NFL free agency has been going on for weeks, but still, there are some big fish left to sign with teams.
For the Seattle Seahawks, they are in a wait and see game in regards to Jadeveon Clowney, who has reportedly lowered his asking price from $20M to somewhere in the $17M range.
The Seahawks remain in the mix for the edge rusher, but their offer remains lower and neither side appears to be budging.
While Seattle courts Clowney, who had core surgery to repair a sports hernia over the offseason, the Seahawks and free agent DE Everson Griffen have reportedly shared mutual interest.
With the NFL Draft just two weeks away, one wonders if a deal with either Clowney, Griffen or both (unlikely) will happen before then.
One shoe has to drop before the other happens, though.
As the waiting game continues, Griffen spoke with Tom Pelissero of NFL Media, saying the process “has taken a lot of patience, a lot of self-reflection” regarding why he hasn’t drawn more interest after an eight-sack season for the Vikings in 2019.
Griffen voided the final three years of his contract with the Vikings to become a free agent this offseason. He was just one of only two players in the NFL last season to have a player-controlled void that allowed him to out of his contract if he hit a series of benchmarks: 6.5 sacks and playing on 57 percent of the team's defensive snaps. Last season, Griffen had eight sacks and played 78 percent of snaps.
At age 32, Griffen has recorded 57 sacks over the past six seasons, beating out former No. 1 pick Jadeveon Clowney's 32 in the same time span.
He is betting on himself, believing he can command more than the $13.9 million cap hit he was going to have on the Vikings roster, but so far, it hasn’t panned out.
"It's like, why haven't (more) teams been interested? And the reason why is because they don't know Everson."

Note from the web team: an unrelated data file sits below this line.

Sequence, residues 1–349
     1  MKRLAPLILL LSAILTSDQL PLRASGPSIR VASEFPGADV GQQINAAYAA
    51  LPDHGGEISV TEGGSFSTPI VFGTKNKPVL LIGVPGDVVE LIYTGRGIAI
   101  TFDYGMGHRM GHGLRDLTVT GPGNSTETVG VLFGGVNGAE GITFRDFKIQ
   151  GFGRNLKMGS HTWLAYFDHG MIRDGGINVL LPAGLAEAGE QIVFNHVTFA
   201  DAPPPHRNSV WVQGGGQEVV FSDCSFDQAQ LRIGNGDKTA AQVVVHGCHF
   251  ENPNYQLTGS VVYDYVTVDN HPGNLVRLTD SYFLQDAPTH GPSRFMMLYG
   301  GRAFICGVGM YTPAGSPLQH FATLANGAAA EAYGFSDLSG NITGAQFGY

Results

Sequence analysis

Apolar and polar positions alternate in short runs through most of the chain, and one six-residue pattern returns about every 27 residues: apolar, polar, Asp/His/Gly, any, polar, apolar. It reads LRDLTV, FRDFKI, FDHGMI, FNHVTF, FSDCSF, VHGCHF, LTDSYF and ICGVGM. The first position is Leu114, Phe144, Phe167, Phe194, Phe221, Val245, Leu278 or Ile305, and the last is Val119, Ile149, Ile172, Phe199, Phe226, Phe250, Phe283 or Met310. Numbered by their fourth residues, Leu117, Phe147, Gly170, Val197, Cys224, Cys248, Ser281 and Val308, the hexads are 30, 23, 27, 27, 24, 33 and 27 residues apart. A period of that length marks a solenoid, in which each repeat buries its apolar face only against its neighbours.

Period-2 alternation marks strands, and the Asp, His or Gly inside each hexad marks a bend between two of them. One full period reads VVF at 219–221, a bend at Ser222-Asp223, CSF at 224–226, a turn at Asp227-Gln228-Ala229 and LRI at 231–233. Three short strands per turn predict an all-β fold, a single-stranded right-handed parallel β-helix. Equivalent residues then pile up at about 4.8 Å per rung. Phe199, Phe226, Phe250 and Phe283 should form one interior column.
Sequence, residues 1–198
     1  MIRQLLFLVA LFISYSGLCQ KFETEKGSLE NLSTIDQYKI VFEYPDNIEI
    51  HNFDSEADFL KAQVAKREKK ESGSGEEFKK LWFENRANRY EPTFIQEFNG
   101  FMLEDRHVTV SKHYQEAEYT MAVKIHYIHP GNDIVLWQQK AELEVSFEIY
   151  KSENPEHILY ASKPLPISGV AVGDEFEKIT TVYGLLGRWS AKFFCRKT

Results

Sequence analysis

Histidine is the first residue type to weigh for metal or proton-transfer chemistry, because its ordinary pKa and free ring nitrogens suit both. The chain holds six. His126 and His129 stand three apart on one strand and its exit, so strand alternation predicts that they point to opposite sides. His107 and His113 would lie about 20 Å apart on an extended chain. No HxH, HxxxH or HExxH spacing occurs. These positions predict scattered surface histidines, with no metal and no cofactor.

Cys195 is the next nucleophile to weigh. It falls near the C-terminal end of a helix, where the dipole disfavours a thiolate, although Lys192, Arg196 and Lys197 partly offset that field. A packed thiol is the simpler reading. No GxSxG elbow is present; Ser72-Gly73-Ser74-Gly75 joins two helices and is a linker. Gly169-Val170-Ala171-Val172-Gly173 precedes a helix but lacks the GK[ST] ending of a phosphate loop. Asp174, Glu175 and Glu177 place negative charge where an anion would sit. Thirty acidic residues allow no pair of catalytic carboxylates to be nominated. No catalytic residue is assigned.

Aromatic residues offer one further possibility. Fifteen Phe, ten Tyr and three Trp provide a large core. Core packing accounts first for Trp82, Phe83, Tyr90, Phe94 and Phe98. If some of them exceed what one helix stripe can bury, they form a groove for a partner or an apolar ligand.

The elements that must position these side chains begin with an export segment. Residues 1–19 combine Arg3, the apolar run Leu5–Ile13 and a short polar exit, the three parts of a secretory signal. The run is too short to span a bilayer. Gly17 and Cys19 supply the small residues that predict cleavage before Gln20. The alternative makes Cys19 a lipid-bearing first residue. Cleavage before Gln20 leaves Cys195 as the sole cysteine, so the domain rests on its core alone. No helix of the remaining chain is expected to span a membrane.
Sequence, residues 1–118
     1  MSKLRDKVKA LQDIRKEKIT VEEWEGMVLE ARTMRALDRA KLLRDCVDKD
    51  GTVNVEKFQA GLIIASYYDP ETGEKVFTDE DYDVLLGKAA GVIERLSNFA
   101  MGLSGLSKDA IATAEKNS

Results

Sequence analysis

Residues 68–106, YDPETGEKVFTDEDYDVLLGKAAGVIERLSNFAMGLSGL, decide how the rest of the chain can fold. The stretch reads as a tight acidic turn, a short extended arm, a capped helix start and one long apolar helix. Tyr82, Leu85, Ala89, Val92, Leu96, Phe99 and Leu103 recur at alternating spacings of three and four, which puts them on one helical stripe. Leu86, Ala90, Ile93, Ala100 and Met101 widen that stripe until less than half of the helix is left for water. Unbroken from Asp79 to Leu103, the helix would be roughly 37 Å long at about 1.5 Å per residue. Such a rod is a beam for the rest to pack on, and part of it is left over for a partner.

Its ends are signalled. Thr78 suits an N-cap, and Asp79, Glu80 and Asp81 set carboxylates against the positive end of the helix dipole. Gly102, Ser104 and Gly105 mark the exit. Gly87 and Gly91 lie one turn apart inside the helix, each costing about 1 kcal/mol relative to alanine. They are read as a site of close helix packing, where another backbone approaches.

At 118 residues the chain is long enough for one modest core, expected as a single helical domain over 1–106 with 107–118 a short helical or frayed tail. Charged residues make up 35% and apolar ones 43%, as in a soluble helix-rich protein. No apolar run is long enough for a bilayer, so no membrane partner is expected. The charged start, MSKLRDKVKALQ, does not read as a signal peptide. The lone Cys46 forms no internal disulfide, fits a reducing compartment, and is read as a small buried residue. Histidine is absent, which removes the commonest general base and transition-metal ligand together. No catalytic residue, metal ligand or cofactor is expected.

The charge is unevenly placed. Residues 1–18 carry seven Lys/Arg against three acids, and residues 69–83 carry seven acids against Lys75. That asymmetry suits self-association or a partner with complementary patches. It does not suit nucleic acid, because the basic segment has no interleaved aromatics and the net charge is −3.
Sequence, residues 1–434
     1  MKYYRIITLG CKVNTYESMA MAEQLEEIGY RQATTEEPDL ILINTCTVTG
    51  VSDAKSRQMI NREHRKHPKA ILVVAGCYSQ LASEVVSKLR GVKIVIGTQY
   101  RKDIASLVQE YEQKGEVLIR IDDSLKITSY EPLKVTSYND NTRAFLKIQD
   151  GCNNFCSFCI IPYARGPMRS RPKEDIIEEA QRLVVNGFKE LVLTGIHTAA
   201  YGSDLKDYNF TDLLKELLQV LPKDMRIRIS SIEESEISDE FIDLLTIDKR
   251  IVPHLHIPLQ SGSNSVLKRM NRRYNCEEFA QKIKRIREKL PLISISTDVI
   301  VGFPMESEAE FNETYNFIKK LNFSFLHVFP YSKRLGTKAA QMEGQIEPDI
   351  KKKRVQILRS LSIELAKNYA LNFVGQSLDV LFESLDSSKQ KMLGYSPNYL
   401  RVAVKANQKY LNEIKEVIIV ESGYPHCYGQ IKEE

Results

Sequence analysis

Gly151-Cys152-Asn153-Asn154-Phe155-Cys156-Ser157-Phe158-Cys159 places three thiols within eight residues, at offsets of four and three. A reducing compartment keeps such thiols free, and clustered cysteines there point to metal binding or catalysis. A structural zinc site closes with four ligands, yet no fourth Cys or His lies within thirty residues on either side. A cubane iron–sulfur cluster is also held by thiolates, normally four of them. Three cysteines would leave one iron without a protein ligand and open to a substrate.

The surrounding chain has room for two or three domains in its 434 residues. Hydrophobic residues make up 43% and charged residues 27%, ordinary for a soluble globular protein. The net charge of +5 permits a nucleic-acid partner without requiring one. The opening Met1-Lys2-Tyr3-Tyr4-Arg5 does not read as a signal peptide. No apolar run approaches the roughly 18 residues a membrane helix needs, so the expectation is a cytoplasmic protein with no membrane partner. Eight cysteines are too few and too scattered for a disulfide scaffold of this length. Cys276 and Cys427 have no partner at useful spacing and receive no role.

Outside of Griffen’s dominating performance on the field, some may look to what has been reported off the field.
There are widely publicized reports from 2018 of verbal outbursts in practice, which prompted the Vikings to order Griffen to undergo a mental health evaluation. He had an encounter with police at a hotel in Minnesota when "an individual was threatening to shoot someone if he wasn't allowed in his room." Additionally, according to the Minnesota Star-Tribune, Griffen was "growing increasingly paranoid and feared someone was trying to kill him in the weeks and days," ahead of that police incident. Griffen lived in a sober house for three months to deal with mental health issues.
Griffen insists those days are behind him, though.
“I am healthy and there's nothing really that you have to worry about, because I'm doing all the right things. There's nothing I'm doing behind the scenes that they should be worried about. I'm doing everything possible to make sure that 2018 doesn't happen again. And it will not happen."
Still, with the COVID-19 pandemic closing facilities indefinitely, it’s harder for teams to answer the questions that they will undoubtedly have about Griffen’s state of mind and how he’d fit in the locker room.
Griffen wants to try and put teams at ease, though. And he makes a strong case with the numbers he’s put up.
“I’m a hundred percent positive that 2019 was just a glimpse of what I still have left in the tank.”